I wish I had written this anthology - something I say not with envy, but with the utmost admiration.  (That's one of the highest praises I can give a book, especially one where every story 'nails it'.)

Worth owning, of course.

Standout stories:

1.)  "A Bite of the Apple":  An apple grove owner (Lainey Allen) makes key decisions about her career, and a possible lover.

2.)  "Forgive Me Father":  Witty, world-wise trio of Catholic confessions.  Still chuckling over this one.

3.)  "Eating Out at Annie's":  Flirty tale about a diner and two lusty-at-heart lovers.

4.)  "Convenience Store":  A graveyard shift minimart employee encounters some truly strange stuff in this surreal, hilarious piece.

5.)  "Chance Encounter": Passionate, sweet-humored entry about a lonely librarian (Lorna Delaney) and a mourner (Alec) at a nearby grave.

6.)  "Rules of Engagement":  The Honeymooners meets carnal hilarity in this piece, about a loud, semi-public argument between a wife (Dannie) and her husband (Matt), which goes over-the-top in a loving, bawdy way.

7.)  "Twitch":  An ambush of a blind date leads to a contentious and delightfully lively coupling.

8.)  "The Magic Lesbian":  A bar owner (Joe Canarski) fends off an aggressive buy-out offer from a business rival.  Instantly immersive, feels-like-you're-there work.

9.)  "Fortune's Fool":  This is an especially good, laugh-out-loud karmic tale about a hospitalized sports writer, a celebrity football player and fickle sports fans.

10.)  "Portrait":  A painter's portrait subject reveals more than artistic longing.

11.)  "A Fare of the Heart":  One of the best tales in this bunch.  A cabbie (James) and his fare ( a neglected wife named Ann) have an empathetic conversation about their circumstances and her marriage.

12.)  "Invisible":  Gut wrench-effective story about a couple whose marriage has hit some particular damaging rocks.

13.)  "The Night the Stars Fell":  A sexually neglected husband wrestles with the possibility of cheating on his otherwise occupied wife.  Another emotionally effective story, with some joy thrown in, as well.

Other stories:

"Making Her Late For Work"; "Crazy"; "Stuck"; "Imparting Wisdom"; "Mrs. Godiva"; "Corner Booth"; "The Battle of Twin Peaks"; "The Other Man"; " 'O' No"; "Infidelity"; "Backrub"

Sacrifice by John Everson

(pb; 2007: second book in The Curburide Chronicles)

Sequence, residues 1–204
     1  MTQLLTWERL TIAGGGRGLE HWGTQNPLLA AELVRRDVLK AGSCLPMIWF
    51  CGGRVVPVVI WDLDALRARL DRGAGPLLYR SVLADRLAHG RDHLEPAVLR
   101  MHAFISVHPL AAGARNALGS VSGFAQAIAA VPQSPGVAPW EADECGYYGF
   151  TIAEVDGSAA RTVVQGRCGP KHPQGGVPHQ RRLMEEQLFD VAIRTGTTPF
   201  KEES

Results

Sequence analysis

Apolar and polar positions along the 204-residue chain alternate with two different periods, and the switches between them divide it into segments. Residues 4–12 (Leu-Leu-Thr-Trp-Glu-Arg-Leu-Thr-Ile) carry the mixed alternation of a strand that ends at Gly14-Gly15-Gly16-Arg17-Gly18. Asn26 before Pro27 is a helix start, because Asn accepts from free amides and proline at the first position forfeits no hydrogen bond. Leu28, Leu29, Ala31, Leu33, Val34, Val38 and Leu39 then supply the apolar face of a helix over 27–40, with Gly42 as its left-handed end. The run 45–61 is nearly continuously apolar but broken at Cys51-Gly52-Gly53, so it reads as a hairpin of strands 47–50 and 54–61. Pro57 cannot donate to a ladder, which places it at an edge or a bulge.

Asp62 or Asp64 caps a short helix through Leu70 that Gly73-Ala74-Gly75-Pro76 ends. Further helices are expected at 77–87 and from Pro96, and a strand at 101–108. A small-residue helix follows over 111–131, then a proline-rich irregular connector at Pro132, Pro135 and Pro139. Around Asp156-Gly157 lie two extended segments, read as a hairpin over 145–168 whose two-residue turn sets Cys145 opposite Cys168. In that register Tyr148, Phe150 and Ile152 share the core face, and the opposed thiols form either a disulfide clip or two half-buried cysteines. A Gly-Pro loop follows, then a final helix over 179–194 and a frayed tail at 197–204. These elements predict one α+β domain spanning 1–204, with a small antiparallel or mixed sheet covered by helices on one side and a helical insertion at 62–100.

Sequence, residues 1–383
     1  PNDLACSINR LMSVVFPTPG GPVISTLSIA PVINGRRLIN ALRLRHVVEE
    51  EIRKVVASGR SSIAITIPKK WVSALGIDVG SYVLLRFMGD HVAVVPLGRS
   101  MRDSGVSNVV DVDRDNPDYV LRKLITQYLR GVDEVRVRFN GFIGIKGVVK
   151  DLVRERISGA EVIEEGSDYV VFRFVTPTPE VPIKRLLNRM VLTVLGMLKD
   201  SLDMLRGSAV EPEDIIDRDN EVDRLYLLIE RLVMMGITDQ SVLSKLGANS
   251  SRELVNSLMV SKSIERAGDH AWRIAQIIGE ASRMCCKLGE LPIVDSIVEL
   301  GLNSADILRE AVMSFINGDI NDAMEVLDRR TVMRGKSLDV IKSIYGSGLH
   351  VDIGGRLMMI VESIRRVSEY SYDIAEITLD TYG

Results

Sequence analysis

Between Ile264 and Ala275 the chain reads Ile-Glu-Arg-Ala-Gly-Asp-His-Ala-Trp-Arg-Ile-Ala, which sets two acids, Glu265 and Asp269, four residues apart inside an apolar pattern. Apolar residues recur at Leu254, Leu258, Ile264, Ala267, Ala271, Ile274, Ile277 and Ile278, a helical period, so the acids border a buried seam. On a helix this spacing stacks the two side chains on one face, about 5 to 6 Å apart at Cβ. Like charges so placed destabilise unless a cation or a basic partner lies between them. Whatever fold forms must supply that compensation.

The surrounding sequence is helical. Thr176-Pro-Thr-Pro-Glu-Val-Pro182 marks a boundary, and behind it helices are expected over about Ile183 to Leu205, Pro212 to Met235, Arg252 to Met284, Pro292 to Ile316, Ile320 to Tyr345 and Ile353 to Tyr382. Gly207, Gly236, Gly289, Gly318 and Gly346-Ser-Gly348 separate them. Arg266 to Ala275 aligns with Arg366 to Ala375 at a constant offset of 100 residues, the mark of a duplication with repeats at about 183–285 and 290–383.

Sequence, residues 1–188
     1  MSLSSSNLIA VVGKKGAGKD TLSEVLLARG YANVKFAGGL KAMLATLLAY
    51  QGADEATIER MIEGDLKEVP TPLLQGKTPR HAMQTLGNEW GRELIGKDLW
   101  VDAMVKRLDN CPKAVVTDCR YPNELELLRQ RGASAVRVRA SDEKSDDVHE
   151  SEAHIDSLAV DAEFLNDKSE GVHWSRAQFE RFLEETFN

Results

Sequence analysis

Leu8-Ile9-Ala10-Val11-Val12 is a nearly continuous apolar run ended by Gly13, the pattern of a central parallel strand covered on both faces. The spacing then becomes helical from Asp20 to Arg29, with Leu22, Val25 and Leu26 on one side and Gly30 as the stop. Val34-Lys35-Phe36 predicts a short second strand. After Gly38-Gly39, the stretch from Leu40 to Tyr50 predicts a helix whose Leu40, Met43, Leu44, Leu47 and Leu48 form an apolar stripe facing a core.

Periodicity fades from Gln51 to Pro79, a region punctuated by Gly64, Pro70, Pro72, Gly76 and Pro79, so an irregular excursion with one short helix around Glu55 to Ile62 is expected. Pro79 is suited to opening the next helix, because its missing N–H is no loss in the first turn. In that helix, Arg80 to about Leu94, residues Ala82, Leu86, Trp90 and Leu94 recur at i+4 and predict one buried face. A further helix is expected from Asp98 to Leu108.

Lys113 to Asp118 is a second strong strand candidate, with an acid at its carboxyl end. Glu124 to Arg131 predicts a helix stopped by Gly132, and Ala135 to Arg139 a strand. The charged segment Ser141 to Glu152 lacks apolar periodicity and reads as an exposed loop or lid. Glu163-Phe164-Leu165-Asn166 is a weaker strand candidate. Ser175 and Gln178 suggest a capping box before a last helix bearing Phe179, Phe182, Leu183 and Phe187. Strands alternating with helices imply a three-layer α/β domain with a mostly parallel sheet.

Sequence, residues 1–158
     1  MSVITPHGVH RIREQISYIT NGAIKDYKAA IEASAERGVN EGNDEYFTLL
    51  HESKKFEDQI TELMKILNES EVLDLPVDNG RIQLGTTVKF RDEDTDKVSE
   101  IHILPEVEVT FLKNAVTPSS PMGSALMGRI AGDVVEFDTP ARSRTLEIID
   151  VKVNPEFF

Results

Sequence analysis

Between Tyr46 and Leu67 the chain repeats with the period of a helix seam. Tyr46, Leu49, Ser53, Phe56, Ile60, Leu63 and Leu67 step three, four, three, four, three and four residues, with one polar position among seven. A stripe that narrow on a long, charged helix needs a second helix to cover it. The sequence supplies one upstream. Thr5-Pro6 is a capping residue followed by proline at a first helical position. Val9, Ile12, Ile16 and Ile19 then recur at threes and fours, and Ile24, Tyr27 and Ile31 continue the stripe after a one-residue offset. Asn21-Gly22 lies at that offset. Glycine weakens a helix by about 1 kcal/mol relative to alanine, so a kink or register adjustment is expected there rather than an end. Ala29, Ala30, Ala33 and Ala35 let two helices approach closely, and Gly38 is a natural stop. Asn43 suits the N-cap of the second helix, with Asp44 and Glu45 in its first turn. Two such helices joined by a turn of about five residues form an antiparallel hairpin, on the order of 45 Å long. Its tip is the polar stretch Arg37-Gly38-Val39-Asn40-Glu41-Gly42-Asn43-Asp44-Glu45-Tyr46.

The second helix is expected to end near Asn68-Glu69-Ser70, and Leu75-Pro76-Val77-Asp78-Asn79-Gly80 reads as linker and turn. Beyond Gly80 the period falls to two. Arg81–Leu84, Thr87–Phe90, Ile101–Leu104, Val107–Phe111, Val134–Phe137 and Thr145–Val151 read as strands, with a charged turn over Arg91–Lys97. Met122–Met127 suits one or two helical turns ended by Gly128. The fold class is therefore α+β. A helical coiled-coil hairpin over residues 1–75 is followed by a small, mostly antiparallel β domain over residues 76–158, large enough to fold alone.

From the back cover:

"They are coming.  They are a race of sadistic spirits known as the Curburide, and they are about to arrive in our world, bringing with them horrors beyond imagination.  The secret to summoning - and controlling - them has fallen into the hands of a beautiful, sexy and dangerously insane woman.

"Ariana has dedicated her life to unleashing the demons in our realm through a series of human sacrifices, erotic rituals of seduction and slaughter.  As she crosses the country, getting ever closer to completing her blood-drenched mission, only three figures stand in her way: an unwilling hero who has seen the horrors of the Curburide before, a burgeoning witch. . . and a spiteful demon with plans of his own."


I love reading sequels like this - follow-up tales that not only show the further adventures of characters I've grown fond of (or am fascinated by), but up the ante of the plot proceedings, while reworking the structure of the previous tale(s) into new storyline configurations.

Sacrifice accomplishes this, with seeming ease.  Like Covenant, it's a burn-through-that-sucker read, one with an ending that deftly avoids leave-room-for-a-sequel horror clichés (though he could easily continue this series if he wanted to).

Great, genre-veracious read.  Worth owning, this.

Followed by Redemption.

<em>The Letter, the Witch and the Ring</em> by John Bellairs

(pb; 1976: third book in the Lewis Barnavelt mysteries . Drawings by Richard Egielski .) From the back cover “Rose Rita [Pottinger]...